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Talk of a second Pearl Harbor is quite misleading. This is not the beginning of conventional war against a rival great power. A better parallel might be with the situation Britain and Spain have found themselves in for decades. The U.S. can, if it chooses, bomb Afghanistan back into the Jurassic period, but the real enemy is the terrorist network within the U.S. The downside is that Islamic fundamentalists are even less reasonable than petty nationalist extremists like the Irish Republican Army and the Basque separatists. It is not even clear what they want.

Would the U.S. be better off economically if it took a more limited strategic approach in the scope of the coming conflict? The way Bush is talking now about his "crusade" against "evil" it sounds fairly broad.

The U.S. can certainly afford to wage war against rogue states, if it wants to. They are militarily puny by comparison. The question is not an economic one, but whether or not such a "crusade" will actually reduce terrorism.

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Do you have any thoughts on how the American military is (or isn't) likely to be efficient in allocating resources in this conflict?

The crisis began with a massive intelligence failure and that is where the resources really need to go. But rebuilding and improving CIA penetration of the Islamic lunatic fringe will be a long and difficult process.

What should the U.S. be investing money and time in to fight terrorism? Intelligence? Missile defense? Ground troops? Something else?

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Intelligence is where the U.S. looks weak. I have never been convinced that missile defense is anything other than a luxury, since I don't see the principal danger coming from ICBMs. There are much easier ways to get a nuclear device into New York.

What is the likely role of debt following this conflict?

The fiscal implications are interesting. The federal debt certainly isn't going to be paid off at this rate, with $20 billion going to rebuild downtown Manhattan and perhaps as much going to the airlines.

In your book "The Cash Nexus" you talk about the concepts of "overstretch" and "understretch." In an "overstretched" economy, an imperial power devotes too many resources to military research and development, which may divert economic resources from other parts of the economy. "Understretch" is just the opposite: not spending enough. Do you think that going into this conflict, the U.S. is a victim of its own "understretch?"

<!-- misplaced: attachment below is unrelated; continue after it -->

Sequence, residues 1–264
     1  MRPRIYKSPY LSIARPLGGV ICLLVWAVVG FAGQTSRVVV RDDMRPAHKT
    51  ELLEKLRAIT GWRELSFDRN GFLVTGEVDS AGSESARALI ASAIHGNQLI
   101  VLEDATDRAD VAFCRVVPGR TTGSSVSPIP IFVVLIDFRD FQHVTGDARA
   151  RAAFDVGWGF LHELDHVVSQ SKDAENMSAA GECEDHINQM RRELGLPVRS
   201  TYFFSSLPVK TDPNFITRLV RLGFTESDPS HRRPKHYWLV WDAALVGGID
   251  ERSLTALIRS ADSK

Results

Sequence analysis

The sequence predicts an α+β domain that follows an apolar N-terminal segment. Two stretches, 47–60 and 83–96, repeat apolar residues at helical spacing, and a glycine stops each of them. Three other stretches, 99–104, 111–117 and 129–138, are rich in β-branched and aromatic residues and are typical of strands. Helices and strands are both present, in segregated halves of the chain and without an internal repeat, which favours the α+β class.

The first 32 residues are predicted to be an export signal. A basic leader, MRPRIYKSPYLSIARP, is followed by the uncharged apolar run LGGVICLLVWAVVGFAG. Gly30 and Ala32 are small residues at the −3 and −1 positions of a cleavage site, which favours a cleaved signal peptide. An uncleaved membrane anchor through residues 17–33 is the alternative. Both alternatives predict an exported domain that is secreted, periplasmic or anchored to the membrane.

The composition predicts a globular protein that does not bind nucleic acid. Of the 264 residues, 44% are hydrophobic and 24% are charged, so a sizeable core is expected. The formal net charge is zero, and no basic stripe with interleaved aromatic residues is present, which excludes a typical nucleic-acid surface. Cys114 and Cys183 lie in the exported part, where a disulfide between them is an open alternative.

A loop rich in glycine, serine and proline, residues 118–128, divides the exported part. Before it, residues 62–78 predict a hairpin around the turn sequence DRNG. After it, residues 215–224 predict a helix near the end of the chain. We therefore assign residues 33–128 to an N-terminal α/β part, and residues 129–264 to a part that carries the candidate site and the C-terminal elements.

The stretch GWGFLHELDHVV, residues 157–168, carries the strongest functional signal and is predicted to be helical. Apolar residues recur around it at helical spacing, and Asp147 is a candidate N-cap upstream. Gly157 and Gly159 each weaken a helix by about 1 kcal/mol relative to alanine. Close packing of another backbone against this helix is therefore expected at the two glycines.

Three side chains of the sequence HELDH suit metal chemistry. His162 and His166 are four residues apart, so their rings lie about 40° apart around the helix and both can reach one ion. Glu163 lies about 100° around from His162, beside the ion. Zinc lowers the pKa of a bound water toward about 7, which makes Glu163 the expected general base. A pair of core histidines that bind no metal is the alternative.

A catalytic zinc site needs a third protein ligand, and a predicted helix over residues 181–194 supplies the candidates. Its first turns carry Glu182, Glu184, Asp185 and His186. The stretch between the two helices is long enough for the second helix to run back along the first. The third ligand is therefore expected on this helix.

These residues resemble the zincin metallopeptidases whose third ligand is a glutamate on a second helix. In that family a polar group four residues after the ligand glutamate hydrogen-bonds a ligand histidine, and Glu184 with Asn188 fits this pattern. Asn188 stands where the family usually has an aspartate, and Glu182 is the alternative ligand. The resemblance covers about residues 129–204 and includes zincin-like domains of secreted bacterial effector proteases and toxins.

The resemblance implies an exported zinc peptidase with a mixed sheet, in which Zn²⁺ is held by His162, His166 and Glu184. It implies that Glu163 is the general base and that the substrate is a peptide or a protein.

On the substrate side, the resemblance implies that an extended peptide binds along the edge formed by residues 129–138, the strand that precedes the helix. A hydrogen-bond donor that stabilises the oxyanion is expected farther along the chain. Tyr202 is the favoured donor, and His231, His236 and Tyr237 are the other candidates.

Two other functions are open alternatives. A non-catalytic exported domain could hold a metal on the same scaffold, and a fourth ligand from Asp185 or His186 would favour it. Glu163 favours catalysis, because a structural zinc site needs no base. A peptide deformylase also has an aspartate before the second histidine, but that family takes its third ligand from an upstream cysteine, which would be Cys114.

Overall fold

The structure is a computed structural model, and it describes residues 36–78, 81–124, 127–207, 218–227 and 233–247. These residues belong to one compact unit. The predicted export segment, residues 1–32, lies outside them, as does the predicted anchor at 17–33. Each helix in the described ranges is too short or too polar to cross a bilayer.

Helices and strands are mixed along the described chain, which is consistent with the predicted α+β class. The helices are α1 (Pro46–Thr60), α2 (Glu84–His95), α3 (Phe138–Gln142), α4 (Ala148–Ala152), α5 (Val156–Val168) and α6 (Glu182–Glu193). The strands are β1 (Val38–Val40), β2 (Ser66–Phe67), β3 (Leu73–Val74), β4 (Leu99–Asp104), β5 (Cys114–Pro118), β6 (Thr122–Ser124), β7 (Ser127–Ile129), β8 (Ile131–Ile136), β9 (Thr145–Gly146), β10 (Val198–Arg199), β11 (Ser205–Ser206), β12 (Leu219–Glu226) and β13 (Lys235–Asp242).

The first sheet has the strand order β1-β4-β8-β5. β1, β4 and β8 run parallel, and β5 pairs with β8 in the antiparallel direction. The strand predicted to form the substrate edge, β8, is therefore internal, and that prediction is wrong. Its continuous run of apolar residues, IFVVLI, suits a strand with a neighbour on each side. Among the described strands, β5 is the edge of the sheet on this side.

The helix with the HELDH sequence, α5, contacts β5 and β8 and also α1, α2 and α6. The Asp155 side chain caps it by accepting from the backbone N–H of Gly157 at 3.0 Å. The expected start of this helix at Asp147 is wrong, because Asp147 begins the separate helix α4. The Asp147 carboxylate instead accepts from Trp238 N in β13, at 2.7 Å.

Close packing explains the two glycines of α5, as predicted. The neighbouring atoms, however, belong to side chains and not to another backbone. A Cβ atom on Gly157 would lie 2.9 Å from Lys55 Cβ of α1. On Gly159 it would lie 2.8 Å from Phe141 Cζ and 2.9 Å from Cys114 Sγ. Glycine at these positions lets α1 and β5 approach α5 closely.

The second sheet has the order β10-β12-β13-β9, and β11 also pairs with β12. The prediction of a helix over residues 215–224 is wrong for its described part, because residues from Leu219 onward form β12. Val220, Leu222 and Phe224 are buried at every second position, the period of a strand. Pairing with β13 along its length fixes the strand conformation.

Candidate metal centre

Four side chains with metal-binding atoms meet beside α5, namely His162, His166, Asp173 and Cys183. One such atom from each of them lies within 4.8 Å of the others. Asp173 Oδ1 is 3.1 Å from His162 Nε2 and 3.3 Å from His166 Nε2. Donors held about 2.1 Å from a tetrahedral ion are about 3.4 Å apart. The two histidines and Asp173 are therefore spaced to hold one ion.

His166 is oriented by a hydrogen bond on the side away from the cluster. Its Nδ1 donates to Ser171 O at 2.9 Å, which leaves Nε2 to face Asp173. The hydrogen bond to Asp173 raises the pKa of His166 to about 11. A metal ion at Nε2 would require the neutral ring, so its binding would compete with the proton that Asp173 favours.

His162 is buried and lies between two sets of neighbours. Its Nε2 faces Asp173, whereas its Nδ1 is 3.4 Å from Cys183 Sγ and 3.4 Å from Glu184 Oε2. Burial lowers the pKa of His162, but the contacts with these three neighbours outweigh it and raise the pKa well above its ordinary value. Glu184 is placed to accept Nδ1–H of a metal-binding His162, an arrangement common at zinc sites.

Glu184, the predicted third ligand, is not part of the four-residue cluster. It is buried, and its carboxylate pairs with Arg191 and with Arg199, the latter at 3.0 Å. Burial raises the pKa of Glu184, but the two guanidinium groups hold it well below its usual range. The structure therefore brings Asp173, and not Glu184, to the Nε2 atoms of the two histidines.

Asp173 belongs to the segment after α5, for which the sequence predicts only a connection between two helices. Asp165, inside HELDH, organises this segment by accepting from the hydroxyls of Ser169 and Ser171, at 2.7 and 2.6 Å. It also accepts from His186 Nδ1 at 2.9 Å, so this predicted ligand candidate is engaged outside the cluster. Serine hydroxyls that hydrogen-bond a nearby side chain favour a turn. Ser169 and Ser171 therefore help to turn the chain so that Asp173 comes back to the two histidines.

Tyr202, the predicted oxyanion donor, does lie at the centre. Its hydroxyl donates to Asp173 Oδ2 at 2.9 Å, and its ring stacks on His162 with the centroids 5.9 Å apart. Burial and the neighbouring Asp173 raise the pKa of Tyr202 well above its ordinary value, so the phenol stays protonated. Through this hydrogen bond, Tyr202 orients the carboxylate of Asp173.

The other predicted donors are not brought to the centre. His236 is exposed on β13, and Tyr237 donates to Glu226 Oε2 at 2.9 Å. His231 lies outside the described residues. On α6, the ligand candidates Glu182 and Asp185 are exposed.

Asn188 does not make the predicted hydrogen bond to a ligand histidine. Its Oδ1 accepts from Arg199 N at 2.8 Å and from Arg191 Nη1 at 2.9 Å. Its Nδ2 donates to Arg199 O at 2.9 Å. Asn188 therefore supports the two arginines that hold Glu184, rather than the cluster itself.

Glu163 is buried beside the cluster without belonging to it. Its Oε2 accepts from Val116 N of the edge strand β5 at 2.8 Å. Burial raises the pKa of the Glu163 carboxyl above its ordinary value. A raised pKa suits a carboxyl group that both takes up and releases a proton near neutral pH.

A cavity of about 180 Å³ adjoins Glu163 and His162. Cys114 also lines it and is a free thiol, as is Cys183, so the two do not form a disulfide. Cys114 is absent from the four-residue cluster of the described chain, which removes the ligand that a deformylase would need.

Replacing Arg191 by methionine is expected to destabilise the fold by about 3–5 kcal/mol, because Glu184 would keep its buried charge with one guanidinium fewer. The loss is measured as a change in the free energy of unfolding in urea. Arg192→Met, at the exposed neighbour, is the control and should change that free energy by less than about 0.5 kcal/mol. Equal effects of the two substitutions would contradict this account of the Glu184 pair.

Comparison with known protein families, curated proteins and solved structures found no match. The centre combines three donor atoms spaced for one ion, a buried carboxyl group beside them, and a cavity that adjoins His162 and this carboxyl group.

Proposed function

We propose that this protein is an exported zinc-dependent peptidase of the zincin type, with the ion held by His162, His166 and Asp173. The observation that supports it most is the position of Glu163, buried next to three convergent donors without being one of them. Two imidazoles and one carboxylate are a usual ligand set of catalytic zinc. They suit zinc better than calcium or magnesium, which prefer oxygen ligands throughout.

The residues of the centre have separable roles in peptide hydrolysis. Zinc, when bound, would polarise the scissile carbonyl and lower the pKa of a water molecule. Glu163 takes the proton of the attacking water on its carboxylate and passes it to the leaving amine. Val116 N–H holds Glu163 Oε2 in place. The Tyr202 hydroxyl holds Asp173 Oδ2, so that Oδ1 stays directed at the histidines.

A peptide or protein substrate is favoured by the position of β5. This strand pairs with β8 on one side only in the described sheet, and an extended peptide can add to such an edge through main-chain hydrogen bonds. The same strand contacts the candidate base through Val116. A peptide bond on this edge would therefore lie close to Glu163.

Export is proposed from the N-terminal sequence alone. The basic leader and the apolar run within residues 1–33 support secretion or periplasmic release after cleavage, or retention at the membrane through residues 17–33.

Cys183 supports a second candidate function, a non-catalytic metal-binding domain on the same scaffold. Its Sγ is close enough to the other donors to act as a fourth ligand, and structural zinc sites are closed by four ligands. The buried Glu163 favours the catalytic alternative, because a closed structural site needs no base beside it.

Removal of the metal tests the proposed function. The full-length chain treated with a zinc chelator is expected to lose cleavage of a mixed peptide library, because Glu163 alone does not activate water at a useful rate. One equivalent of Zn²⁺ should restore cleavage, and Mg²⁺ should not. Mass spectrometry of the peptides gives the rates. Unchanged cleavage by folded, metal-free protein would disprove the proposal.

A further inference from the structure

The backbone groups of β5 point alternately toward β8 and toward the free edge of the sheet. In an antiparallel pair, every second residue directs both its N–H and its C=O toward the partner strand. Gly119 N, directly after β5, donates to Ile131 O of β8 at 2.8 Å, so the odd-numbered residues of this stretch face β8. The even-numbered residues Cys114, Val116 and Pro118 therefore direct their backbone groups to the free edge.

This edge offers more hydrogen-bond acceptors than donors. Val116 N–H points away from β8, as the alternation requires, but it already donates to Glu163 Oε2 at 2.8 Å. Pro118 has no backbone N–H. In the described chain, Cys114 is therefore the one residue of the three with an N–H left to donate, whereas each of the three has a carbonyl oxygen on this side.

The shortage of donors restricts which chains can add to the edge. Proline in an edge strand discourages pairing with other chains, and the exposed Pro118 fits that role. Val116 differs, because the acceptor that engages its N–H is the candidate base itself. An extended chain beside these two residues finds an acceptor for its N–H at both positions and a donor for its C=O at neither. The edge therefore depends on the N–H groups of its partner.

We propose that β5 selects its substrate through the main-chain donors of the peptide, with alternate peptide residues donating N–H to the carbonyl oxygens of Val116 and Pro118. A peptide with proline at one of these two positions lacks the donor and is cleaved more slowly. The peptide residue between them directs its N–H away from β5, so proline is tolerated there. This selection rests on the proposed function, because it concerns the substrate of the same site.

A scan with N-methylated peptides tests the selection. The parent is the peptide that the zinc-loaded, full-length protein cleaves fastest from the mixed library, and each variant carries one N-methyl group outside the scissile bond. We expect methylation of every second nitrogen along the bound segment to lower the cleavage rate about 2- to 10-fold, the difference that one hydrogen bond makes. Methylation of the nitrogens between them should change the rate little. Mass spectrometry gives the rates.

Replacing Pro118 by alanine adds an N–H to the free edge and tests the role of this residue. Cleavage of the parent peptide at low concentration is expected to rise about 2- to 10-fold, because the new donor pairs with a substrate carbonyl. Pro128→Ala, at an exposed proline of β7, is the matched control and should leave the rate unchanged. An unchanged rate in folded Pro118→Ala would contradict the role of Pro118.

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Very definitely yes, and in that sense I see my argument in "The Cash Nexus" as having been tragically vindicated. At least the British Empire controlled what is now the Pakistan-Afghan border. The U.S. has to ask Pakistan's permission -- and even Russia's -- to take action against the regime in Kabul. More importantly, the crisis has arisen because of the pattern of inconsistent intervention established under Clinton, whereby the U.S. periodically sticks its nose into foreign crises just long enough to annoy one side, but not long enough to establish enduring stability -- and certainly not long enough to build up effective intelligence networks.

Would a costly, longstanding conflict pose a threat to American "empire"? Or, what kind of war would allow American to protect its superpower status? In other words, is there a danger of "overstretch"?

Sure, costly, long conflicts are a bad idea for great powers -- especially if they don't win them. The kind of war the U.S. needs to fight is a low-intensity, high-intelligence war against Islamic extremists. That may be long, but it should be affordable. If the U.S. gets into a serious mess by launching a conventional war against Afghanistan, then there will be a danger of overstretch -- not because the U.S. can't obliterate the Taliban, but because there will be a major increase in anti-American terrorist activity as well as of Islamic fundamentalism in currently "safe" Arab states.


Katharine Mieszkowski

Katharine Mieszkowski is a senior writer for Salon.